Suppose that in a prison yard, there is clear evidence that 24 out of 25 prisoners participated in the murder of a guard. There is no other evidence regarding any of the individual prisoners. Can one prisoner of the 25, randomly chosen, be convicted of murder on this evidence?
Just like int he real world - we know some portion of the population are criminals. A fact about a group of people cannot (on its own) be used to apply to individuals within a group - It's like the composition fallacy or something
Guilt or conviction in criminal prosecutions needs to be about more than just probabilities. Sure, technically there is a 95% chance that any individual prisoner participated in the murder, and that maybe makes each one suspicious, but there should be an affirmative way to tie an individual to the crime before conviction. Clearly too much chance involved here
There is no specific evidence to say that this individual person did it- shouldnt be able to convict on mere probabilities. Separately, the 96% chance is less than my personal reasonable doubt standard.
No. Adjudicating this way, using a utilitarian calculus, seems fundamentally against the concepts of innocent before proven guilty, giving an individual a fair shake, and actually seeking out the truth. Not only is it a probabilistic fallacy (@Cloud City) but it's also morally dubious.
50/50 is not quite right I think. Still, I was always told that it is better to set free 10 guilty people than convict one person who is innocent. What about 24 who are guilty? It does not matter. We know that 1 person is 100% innocent and that is enough for me to let them all go.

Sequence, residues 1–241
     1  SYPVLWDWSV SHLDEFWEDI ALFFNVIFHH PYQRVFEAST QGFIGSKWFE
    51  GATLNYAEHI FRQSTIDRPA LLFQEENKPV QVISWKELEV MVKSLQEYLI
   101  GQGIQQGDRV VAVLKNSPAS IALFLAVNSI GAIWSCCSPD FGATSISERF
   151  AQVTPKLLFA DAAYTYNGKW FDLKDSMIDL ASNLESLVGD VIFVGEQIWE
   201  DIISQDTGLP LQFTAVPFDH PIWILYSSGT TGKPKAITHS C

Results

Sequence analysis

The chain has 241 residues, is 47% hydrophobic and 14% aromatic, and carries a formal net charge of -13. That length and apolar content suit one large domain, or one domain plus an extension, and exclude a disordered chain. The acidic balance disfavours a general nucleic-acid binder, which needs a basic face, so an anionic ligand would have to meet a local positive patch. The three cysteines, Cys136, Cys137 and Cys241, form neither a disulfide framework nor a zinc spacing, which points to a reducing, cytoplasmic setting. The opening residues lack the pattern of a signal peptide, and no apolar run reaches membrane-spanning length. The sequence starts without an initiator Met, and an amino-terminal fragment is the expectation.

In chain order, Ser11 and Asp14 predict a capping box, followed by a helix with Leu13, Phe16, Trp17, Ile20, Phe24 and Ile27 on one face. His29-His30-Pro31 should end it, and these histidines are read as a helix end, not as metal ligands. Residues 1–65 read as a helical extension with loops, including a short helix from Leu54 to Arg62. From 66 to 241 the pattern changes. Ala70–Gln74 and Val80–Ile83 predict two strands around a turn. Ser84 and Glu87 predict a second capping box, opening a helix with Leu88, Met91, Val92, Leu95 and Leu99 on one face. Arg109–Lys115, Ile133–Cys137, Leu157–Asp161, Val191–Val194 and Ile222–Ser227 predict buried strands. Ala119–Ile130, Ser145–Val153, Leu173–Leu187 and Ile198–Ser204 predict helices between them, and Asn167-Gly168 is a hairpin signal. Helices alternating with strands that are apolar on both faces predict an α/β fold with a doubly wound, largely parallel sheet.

He is innocent until proven guilty, that's true. But that doesn't mean he can't be accused. We've certainly got probable cause. Let him bring forth evidence to prove his innocence. Let him make a convincing case he is the 1 out of 25 that did not do it.
@abydos if he is innocent until proven guilty, then why would we subject him to a trial where he will not likely have a good opportunity to prove his innocence. the only witnesses will be 24 other people who don't want to be convicted and prison guards who want a conviction regardless of who it is.
This also elides into a problem of bias, I think. Suppose we don't literally have a prison yard problem but rather a situation with a large number of a certain type. For hypothetical's sake let's say MEN, and we know for a fact it's mostly men who commit a certain type of violent crime. This type of analysis gives credence to the probabilistic rather than the evidentiary, which maybe would tell us to just prosecute all the men, or all of the ___ group, unfairly and based on "empiricism" alone
If 96% of the people committed the crime, that isn't the same as an individual meeting the 95% burden of proof, right? Because the person you are prosecuting could be 0% guilty. Is there not a question of framing and which level you define the burden?